University of Mississippi Medical Center to pay $2.75 million HIPAA breach settlement

The Office for Civil Rights said that UMMC was aware of security risks as far back as April 2005 but did not take appropriate action.
By Bernie Monegain
10:59 AM
Mississippi HIPAA breach

The University of Mississippi Medical Center has agreed to pay a $2,750,000 fine levied by the Department of Health and Human Services Office for Civil Rights to settle several violations of the Health Insurance Portability and Accountability Act.

The breach goes back to March 21, 2013, when UMMC’s privacy officer discovered a password-protected laptop was missing from UMMC’s Medical Intensive Care Unit and notified OCR.

The breach of unsecured electronic protected health information affecting approximately 10,000 people triggered the OCR investigation, which said that UMMC was aware of risks and vulnerabilities to its systems as far back as April 2005, yet took no action to avoid it.

[Also: OHSU pays $2.7 million fine to HHS Office for Civil Rights for two HIPAA breaches]

Besides paying a penalty, UMMC also agreed to adopt a corrective action plan to ensure compliance going forward.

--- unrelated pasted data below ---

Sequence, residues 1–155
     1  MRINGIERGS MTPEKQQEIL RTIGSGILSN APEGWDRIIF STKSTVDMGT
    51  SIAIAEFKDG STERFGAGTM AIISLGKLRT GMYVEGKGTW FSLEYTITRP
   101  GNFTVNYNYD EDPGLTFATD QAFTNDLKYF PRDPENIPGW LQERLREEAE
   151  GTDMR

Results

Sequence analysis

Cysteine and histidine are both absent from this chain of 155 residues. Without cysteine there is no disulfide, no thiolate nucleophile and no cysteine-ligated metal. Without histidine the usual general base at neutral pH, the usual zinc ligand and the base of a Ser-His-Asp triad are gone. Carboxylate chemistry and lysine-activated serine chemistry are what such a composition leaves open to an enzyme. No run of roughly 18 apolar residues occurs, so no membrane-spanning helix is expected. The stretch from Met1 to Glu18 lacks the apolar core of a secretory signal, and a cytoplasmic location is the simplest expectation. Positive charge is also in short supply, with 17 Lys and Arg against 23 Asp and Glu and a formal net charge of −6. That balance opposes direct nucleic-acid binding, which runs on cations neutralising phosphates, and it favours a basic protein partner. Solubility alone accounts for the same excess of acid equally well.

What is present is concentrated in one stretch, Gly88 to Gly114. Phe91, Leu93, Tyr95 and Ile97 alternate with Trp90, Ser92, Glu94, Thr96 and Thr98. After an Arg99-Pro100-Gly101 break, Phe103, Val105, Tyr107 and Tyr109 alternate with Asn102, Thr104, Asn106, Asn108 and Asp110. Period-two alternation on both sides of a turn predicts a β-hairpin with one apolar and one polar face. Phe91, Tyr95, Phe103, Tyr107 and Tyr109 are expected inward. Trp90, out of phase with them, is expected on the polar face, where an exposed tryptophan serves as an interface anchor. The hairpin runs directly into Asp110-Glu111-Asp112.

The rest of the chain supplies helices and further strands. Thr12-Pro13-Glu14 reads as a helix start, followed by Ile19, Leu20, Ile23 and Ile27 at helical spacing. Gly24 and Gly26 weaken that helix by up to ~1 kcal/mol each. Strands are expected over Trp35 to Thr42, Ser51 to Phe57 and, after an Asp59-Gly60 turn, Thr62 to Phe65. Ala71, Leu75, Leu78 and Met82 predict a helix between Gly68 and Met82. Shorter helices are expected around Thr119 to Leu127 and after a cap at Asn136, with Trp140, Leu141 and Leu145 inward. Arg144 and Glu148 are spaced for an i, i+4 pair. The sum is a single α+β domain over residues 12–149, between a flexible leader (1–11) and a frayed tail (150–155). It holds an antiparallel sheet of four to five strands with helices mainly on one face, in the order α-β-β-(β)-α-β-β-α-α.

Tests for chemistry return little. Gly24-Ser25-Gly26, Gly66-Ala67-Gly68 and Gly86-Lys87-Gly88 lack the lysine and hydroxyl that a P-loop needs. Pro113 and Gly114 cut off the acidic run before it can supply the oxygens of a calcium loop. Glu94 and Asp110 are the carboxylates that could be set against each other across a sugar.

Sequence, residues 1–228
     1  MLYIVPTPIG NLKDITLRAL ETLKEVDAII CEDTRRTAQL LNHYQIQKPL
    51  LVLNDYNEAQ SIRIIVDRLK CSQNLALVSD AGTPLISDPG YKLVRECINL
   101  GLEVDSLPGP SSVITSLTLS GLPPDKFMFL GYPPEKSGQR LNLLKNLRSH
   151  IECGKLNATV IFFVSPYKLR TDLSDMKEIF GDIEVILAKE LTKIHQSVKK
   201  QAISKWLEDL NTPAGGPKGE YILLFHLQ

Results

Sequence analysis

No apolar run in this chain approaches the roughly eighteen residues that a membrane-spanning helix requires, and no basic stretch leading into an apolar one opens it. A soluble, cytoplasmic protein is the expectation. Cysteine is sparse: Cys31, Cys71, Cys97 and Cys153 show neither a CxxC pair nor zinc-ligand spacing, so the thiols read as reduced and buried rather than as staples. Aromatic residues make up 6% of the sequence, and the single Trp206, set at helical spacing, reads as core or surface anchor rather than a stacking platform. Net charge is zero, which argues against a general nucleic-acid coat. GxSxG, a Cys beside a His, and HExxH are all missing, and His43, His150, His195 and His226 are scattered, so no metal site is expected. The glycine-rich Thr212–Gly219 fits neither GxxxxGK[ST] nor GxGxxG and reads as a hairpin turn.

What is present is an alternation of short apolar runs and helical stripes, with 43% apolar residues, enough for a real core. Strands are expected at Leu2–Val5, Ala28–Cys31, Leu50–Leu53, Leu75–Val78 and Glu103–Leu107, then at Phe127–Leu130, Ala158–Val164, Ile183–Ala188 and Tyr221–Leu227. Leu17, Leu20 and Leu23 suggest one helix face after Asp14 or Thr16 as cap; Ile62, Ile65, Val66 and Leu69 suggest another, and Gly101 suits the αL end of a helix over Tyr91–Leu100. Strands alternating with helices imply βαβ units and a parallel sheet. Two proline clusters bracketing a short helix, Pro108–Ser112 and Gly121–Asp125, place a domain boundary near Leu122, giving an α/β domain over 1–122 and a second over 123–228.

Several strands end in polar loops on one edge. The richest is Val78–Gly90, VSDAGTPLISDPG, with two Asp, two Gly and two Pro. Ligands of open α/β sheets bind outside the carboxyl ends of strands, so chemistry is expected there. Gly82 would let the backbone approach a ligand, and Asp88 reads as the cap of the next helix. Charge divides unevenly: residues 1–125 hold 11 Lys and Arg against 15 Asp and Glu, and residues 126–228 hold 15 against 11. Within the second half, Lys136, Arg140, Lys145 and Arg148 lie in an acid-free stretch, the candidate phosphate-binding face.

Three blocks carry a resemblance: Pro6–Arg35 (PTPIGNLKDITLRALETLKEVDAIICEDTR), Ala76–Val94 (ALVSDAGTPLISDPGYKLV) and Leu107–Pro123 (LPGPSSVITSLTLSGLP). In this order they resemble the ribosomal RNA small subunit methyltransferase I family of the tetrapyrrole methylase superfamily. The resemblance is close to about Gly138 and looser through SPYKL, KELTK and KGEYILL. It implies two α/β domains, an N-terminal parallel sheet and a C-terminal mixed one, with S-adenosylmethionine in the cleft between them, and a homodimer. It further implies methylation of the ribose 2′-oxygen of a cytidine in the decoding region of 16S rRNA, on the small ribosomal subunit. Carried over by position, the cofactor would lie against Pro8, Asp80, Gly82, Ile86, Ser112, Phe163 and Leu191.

“In addition to identifying risks and vulnerabilities to their ePHI, entities must also implement reasonable and appropriate safeguards to address them within an appropriate timeframe,” OCR Director Jocelyn Samuels said in a statement. “We at OCR remain particularly concerned with unaddressed risks that may lead to impermissible access to ePHI.”

OCR’s investigation revealed that UMMC failed on several scores. The university did not implement its policies and procedures to prevent, detect, contain, and correct security violations, nor did it implement physical safeguards for all workstations that access ePHI.

Also, UMMC should have assigned a unique user name and/or number for identifying and tracking user identity in information systems containing ePHI, OCR said.

Moreover, OCR said UMMC should have notified each individual whose unsecured ePHI was reasonably believed to have been accessed, acquired, used or disclosed as a result of the breach.

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